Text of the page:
There’s something decidedly creepy about trees stripped of their greenery, left bare as skeletons, shaking their knotted arms at you, pointing with their gnarled fingers. They seem dead in that state, but in actuality they’re somnolent, awaiting next spring’s reawakening. And that’s a little creepy too—because they seem poised for animation. This uncanny aspect also makes bare trees rather attractive, particularly to people who like to read The Anatomy of Melancholy and leaf through archaic alchemical manuals. In truth, the bone trees appeal to a much wider audience. This is evident in the popularity of Ansel Adams images, Julie Taymor set designs, and Tim Burton animated films. The look has now been translated into a bookshelf entitled Wintertree, designed by Twentyfirst.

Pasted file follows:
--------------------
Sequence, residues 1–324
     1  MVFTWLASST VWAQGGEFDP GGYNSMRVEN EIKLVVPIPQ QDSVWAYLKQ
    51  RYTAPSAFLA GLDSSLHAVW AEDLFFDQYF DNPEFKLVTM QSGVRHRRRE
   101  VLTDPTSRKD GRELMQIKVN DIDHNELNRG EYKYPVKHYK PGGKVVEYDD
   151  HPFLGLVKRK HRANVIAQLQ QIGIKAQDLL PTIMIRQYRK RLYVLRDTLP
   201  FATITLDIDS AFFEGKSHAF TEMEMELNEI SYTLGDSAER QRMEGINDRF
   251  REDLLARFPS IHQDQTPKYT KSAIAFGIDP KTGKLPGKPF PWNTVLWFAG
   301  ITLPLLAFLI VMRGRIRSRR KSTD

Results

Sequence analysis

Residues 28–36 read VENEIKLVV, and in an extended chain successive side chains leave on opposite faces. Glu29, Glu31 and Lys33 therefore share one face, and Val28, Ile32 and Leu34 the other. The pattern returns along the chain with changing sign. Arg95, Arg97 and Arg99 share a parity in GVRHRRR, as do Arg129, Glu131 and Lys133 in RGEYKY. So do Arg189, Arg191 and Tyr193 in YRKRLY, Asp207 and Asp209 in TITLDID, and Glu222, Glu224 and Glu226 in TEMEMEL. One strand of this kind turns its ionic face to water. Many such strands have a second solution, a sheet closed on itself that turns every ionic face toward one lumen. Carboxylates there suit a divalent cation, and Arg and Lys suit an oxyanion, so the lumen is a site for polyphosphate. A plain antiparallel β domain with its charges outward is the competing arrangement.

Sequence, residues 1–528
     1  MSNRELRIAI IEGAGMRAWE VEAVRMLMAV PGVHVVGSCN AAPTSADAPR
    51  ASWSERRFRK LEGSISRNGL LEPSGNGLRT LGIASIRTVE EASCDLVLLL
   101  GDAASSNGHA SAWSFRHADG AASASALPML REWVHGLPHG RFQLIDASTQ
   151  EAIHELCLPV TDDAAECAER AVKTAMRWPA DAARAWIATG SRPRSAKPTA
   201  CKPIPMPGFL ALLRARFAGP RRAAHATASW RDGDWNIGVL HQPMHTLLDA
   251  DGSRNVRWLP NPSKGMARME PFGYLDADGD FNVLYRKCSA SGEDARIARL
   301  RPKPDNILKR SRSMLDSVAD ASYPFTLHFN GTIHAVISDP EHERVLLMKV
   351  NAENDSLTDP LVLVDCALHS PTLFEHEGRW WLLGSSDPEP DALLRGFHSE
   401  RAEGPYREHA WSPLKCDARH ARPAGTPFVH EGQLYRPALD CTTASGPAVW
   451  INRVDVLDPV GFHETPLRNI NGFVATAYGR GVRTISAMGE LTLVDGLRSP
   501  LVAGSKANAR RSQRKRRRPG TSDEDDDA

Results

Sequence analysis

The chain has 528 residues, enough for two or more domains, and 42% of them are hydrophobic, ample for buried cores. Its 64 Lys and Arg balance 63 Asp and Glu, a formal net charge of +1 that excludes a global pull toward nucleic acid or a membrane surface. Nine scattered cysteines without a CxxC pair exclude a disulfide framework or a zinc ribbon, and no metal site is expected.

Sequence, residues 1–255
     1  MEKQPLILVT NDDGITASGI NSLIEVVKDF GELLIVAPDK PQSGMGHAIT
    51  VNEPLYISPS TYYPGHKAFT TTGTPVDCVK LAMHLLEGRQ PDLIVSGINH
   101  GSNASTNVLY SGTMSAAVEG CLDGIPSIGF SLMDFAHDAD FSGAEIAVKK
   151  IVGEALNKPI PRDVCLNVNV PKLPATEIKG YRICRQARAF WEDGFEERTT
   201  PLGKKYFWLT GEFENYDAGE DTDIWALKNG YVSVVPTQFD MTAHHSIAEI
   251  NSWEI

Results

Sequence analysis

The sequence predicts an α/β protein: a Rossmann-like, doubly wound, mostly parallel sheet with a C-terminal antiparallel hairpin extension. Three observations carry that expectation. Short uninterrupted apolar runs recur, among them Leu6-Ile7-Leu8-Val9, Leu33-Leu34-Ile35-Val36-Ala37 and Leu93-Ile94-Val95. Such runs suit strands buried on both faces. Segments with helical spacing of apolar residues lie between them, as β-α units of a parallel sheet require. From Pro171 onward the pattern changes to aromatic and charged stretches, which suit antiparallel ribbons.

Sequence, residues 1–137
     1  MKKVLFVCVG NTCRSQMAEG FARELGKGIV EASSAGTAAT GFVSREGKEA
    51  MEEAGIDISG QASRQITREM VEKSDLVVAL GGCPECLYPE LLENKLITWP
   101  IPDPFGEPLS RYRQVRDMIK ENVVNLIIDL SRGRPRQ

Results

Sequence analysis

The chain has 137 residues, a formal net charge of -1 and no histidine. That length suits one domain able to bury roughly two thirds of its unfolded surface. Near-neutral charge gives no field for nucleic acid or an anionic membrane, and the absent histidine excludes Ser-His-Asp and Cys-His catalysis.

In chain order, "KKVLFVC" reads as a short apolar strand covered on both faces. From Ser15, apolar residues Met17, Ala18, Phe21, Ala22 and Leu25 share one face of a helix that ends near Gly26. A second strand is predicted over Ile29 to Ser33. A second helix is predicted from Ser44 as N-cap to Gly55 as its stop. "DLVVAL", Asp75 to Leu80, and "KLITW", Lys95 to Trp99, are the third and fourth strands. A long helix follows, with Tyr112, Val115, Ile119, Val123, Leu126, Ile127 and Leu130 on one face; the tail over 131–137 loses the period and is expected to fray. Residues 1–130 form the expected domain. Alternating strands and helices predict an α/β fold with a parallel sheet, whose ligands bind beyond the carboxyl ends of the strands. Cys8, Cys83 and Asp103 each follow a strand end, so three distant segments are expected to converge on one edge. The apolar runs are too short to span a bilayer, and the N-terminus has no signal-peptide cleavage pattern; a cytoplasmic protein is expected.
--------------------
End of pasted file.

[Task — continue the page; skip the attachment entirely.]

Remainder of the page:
In black or white, Wintertree holds out six shelves in an asymmetrical pattern that represents bare branches. An expressionistic, if not downright cartoonish (I mean that in a good way) form, the trunk with limbs makes a perfect place for books. What books? Wintertree might hold only books that deal with woods: nonfiction titles such as The Life & Love of Trees and novels such as The Baron in the Trees. It might just as easily house a children’s library—perhaps with a special place for The Giving Tree. Not to be too literal, Wintertree is also a perfect place to display books about form: from A+D books to anatomical tomes to histories of skyscrapers. In fact, it’s an ideal spot for architecture monographs. If you like arranging books by color, try placing all your red-spined books on the white Wintertree or all your lime-spined books on the black Wintertree—or white on white and black on black. If you’re not an avid reader, use the shelves to arrange any collection: line up your troll and kewpie dolls, or scatter your aluminum lunchboxes. Twentyfirst wants to create products for a whole new century—as you might have guessed—and Wintertree is one step in what I hope will be an entire forest of design.